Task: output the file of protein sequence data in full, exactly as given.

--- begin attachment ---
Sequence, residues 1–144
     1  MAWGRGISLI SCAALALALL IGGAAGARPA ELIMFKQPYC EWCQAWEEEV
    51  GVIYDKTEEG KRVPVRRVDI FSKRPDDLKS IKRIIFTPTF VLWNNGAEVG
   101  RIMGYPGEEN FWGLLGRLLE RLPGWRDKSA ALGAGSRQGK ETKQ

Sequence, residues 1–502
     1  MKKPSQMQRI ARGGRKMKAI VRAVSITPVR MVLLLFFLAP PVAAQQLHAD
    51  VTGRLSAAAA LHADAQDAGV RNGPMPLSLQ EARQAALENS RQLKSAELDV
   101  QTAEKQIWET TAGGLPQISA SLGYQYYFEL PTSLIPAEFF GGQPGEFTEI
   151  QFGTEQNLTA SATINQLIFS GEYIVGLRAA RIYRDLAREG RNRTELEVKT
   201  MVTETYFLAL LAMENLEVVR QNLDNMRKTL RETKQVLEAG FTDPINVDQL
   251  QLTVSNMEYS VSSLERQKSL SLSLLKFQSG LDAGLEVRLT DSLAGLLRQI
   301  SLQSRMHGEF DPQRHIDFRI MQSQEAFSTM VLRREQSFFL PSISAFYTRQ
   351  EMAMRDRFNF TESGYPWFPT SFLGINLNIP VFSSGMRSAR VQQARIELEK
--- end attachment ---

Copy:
Sequence, residues 1–144
     1  MAWGRGISLI SCAALALALL IGGAAGARPA ELIMFKQPYC EWCQAWEEEV
    51  GVIYDKTEEG KRVPVRRVDI FSKRPDDLKS IKRIIFTPTF VLWNNGAEVG
   101  RIMGYPGEEN FWGLLGRLLE RLPGWRDKSA ALGAGSRQGK ETKQ

Sequence, residues 1–502
     1  MKKPSQMQRI ARGGRKMKAI VRAVSITPVR MVLLLFFLAP PVAAQQLHAD
    51  VTGRLSAAAA LHADAQDAGV RNGPMPLSLQ EARQAALENS RQLKSAELDV
   101  QTAEKQIWET TAGGLPQISA SLGYQYYFEL PTSLIPAEFF GGQPGEFTEI
   151  QFGTEQNLTA SATINQLIFS GEYIVGLRAA RIYRDLAREG RNRTELEVKT
   201  MVTETYFLAL LAMENLEVVR QNLDNMRKTL RETKQVLEAG FTDPINVDQL
   251  QLTVSNMEYS VSSLERQKSL SLSLLKFQSG LDAGLEVRLT DSLAGLLRQI
   301  SLQSRMHGEF DPQRHIDFRI MQSQEAFSTM VLRREQSFFL PSISAFYTRQ
   351  EMAMRDRFNF TESGYPWFPT SFLGINLNIP VFSSGMRSAR VQQARIELEK